Five Places in Kyoto to View Autumn Leaves

by Luke - TripleLights travel specialist

From the middle of September, the leaves in Japan begin to change to red. A popular activity in Japan is to view these beautiful leaves. If you are travelling to Kyoto in autumn, then be sure to take a break from the usual sightseeing, and relax in areas of stunning nature to fully experience the colours of autumn. Here are the top five places to view autumn leaves in Kyoto:

Ryōan-ji

Five Places in Kyoto to View Autumn Leaves

(image by flickr.com)

The Rock Garden at Ryōan-ji is listed as both A National Site of Special Scenic Beauty and a National Historic Site. As a karesansui, or dry landscape, garden, sand is used to represent the sea, its waves represented by lines drawn in the sand using a rake. The stones are said to represent mountains and islands.Additionally, the Rock Garden’s meanings are interpreted variously as a “Garden of Tiger Cubs Crossing,” or as the shape of the Chinese character for “heart” or “mind,” among other interpretations. Although the meaning remains unclear, the appeal of the Rock Garden is the quietening of the mind that one feels simply by looking. In the Rock Garden at Ryōan-ji, nature can be enjoyed in each season, but especially in spring, when the Rock Garden’s beauty is enhanced by the weeping cherry blossoms. Of course, in the summer the rich green color of the Japanese maple trees, and their leaves changing to red in autumn, are also beautiful. Owing to the snow that also falls in the Kyoto valley, there is also the view of the Rock Garden covered in snow. Sometimes called Hojo-teien (or The Chief Priest’s Garden), it said the garden was made to be viewed while sitting and looking out from the hojo, or the Chief Priest’s residence. By slowing down to view the Rock Garden, one can pass the time clearing the mind.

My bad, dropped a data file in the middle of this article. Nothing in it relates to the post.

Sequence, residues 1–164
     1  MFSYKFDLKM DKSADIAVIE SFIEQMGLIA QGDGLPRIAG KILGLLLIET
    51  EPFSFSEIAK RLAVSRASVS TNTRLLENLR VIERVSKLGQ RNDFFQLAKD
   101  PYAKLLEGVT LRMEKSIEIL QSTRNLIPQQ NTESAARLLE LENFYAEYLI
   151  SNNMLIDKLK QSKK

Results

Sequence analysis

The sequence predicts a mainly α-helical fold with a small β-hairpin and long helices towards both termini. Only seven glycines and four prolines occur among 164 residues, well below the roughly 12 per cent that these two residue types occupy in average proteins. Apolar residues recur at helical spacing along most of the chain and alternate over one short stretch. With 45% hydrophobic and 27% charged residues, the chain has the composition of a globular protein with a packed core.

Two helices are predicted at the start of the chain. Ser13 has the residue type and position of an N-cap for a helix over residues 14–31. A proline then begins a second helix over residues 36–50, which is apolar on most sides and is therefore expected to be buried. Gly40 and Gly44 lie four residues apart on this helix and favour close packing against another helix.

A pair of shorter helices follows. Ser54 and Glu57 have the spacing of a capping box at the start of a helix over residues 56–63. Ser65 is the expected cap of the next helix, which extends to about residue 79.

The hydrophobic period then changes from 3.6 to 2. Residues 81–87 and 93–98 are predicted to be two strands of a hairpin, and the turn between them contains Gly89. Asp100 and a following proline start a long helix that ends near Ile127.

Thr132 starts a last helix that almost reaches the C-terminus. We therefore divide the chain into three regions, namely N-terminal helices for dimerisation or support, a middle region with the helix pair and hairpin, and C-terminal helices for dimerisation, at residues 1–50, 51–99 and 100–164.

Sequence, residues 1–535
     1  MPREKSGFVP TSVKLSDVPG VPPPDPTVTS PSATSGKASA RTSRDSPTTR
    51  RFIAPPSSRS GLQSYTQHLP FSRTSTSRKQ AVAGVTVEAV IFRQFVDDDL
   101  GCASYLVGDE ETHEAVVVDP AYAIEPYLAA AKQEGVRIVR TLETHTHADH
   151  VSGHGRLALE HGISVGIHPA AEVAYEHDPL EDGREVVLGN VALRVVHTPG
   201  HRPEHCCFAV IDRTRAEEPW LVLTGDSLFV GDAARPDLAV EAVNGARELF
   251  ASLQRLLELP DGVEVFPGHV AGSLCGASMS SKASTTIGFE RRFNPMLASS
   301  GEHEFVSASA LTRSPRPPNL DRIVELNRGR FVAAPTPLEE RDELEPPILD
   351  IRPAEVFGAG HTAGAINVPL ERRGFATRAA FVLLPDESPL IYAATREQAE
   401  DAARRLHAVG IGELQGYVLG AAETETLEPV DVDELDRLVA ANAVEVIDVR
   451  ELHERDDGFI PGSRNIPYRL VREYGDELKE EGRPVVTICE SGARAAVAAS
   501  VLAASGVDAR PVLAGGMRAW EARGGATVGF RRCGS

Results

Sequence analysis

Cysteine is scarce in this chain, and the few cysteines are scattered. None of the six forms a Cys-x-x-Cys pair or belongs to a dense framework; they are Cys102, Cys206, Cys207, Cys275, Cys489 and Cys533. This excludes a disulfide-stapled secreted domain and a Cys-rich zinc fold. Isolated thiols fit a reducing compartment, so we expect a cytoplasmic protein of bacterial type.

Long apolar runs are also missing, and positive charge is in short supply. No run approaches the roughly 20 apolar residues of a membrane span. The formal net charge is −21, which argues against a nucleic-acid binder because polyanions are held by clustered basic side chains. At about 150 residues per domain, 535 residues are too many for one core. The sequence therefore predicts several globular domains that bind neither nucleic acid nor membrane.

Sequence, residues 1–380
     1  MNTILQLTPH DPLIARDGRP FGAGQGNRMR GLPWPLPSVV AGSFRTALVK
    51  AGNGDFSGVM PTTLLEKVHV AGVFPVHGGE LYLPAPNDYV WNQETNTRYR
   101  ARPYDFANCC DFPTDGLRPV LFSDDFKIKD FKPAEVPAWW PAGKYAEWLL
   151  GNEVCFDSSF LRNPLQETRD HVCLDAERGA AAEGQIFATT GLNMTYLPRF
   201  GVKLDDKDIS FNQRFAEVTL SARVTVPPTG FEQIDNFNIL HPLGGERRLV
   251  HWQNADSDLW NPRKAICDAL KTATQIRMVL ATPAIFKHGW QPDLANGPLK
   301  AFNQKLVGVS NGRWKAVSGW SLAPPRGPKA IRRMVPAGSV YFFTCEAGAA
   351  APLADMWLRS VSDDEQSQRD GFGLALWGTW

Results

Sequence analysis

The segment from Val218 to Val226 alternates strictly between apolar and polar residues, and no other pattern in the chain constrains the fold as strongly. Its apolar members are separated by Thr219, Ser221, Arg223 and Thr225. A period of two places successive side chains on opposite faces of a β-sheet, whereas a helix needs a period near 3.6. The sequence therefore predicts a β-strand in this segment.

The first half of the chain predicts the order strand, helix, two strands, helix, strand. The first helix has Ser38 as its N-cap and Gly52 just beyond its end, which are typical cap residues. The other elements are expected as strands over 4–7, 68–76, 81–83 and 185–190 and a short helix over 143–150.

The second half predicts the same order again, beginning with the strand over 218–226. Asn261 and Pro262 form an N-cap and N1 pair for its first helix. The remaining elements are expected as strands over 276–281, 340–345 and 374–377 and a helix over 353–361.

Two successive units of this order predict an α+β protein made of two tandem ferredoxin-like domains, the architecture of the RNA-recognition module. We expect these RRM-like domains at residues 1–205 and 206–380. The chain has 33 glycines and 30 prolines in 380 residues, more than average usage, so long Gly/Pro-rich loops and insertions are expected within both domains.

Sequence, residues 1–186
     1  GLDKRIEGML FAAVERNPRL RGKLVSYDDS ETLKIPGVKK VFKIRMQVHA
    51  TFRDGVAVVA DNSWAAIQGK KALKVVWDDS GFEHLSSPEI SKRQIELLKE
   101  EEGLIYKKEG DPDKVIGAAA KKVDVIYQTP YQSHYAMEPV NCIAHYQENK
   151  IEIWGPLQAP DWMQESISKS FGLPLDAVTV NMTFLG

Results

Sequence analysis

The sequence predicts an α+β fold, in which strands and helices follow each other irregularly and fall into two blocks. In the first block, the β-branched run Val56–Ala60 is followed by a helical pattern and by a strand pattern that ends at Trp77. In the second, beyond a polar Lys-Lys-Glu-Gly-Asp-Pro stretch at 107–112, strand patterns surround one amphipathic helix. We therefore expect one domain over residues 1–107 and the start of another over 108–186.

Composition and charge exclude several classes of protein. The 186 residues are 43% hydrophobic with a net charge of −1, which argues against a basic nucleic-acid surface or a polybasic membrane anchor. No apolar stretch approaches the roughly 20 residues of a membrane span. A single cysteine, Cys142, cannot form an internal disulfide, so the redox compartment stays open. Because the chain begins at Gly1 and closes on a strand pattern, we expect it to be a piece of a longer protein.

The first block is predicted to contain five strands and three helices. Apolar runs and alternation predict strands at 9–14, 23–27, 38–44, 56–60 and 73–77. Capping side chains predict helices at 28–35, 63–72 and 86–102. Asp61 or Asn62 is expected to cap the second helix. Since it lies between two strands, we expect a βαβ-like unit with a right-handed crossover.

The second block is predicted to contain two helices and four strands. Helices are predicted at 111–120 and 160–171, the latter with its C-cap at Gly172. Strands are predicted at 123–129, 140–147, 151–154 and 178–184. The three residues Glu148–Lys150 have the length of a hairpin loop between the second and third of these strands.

Even outside the Rock Garden, Ryōan-ji is full of charm. Kyoyochi Pond at Ryōan-ji has become even more famous than the Rock Garden. In front of Kyoyochi Pond, there is a circuit-style pond-strolling garden with a boating pond, with beautiful changing leaves in the autumn. From this garden, Mt. Kinugasayama can be seen, and the contrast between the colors of the autumn leaves and the sky at dusk is an especially beautiful, popular thing to see. In addition, with their beautiful greens and pinks, the water lilies blooming radiantly on the water in the summer season are also recommended.Japan’s oldest type of camellia, the wabisuke camellia, is also found here in Ryōan-ji.  

Admission: Adult: ¥ 500 / Child: ¥ 300

Guidebook from Planetyze about Ryōan-ji
Reviews from TripAdvisor about Ryōan-ji
Tours of Ryōan-ji

Eikan-do

Five Places in Kyoto to View Autumn Leaves

(image by flickr.com)